Factors Associated with Unsuccessful Outcomes of Tuberculosis Treatment in 125 Municipalities in Colombia 2014 to 2016

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  • 1 Secretaria Seccional de Salud y Protección Social de Antioquia, Medellín, Colombia;
  • | 2 National Tuberculosis Program, Ministry of Health, Brasília, Brazil;
  • | 3 Research Department, School of Medicine, Universidad Pontificia Bolivariana, Medellín, Colombia;
  • | 4 Department of Medical Microbiology and Infectious Diseases, University of Manitoba, Winnipeg, Canada

Our aim was to identify the risk factors associated with unsuccessful outcomes of tuberculosis (TB) treatment in patients diagnosed between 2014 and 2016 in the 125 municipalities of Antioquia, Colombia. We studied a retrospective cohort of patients with TB diagnosed between 2014 and 2016, from national routine surveillance systems, in 125 municipalities of Antioquia. Factors associated with unsuccessful tuberculosis treatment outcomes (treatment failed, lost to follow up, or death) were identified utilizing a Poisson regression with robust variance. Over 3 years, of the 6,739 drug-susceptible tuberculosis patients, 73.4% had successful treatment and 26.6% unsuccessful outcomes (17% lost to follow up, 8.9% deaths, and 0.7% treatment failures). Patients with subsidized health insurance (Relative risk [RR]: 2.4; 95% CI: 2.1–2.8) and without health insurance (RR: 2.5; 95% CI: 2.1–3.0) had a higher risk for unsuccessful tuberculosis treatment compared to those with contributive health insurance. Other risk factors included age over 15 years, male sex, homelessness, people living with HIV, previous treatment, and primary diagnosis during hospitalization. Protective factors were living in a rural area and extrapulmonary disease. It is important to generate strategies that improves tuberculosis diagnosis in primary healthcare institutions. In addition, it is imperative to initiate new research about the barriers and obstacles related to patients, healthcare workers and services, and the health system, including the analysis of urban violence, to understand why the goal of TB treatment success has not been reached.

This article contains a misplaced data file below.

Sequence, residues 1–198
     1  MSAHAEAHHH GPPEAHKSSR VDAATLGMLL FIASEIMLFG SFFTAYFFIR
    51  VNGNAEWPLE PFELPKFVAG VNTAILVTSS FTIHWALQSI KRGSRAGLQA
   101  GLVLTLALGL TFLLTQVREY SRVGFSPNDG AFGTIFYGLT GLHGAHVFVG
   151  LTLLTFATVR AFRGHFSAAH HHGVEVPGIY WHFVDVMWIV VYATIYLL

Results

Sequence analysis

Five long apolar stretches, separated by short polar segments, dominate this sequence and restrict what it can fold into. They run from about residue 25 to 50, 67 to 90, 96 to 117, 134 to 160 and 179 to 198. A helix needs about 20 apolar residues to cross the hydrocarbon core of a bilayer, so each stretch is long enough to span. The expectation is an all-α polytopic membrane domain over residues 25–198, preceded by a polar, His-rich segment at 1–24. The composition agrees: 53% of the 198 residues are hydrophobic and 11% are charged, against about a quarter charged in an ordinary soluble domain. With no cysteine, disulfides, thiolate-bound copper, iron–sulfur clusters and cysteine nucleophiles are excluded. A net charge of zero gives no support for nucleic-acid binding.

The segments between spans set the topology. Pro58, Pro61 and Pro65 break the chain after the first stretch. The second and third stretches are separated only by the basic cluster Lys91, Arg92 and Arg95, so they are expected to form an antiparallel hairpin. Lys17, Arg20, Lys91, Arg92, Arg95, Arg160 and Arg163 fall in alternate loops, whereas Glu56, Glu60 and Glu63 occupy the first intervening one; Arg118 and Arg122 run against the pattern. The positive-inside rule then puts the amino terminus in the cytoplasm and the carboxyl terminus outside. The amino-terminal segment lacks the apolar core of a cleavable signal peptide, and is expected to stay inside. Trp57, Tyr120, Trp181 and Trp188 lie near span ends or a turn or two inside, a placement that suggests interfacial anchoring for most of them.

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Author Notes

Address correspondence to Zulma Vanessa Rueda, Department of Medical Microbiology and Infectious Diseases, Rady Faculty of Health Sciences, University of Manitoba, Rm 512, Basic Medical Sciences Building, 745 Bannatyne Avenue, Winnipeg, MB, R3E 0J9. E-mail: zulmaruedav@gmail.com

Disclaimer: The content of this article does not reflect the official opinion of the Gobernación de Antioquia or Secretaria Seccional de Salud y Protección social de Antioquia. Responsibility for the information and views expressed in this article lies entirely with the authors.

Authors’ addresses: Lizeth Andrea Paniagua-Saldarriaga, Secretaria Seccional de Salud y Protección Social de Antioquia, Medellín, Colombia, E-mail: lpaniagua8@yahoo.es. Daniele Maria Pelissari, National Tuberculosis Program, Ministry of Health, Brasília, Brazil, E-mail: daniele.pelissari@gmail.com. Zulma Vanessa Rueda, Research Department, School of Medicine, Universidad Pontificia Bolivariana, Medellín, Colombia, and Department of Medical Microbiology and Infectious Diseases, University of Manitoba, Winnipeg, Canada, E-mail: zulmaruedav@gmail.com.

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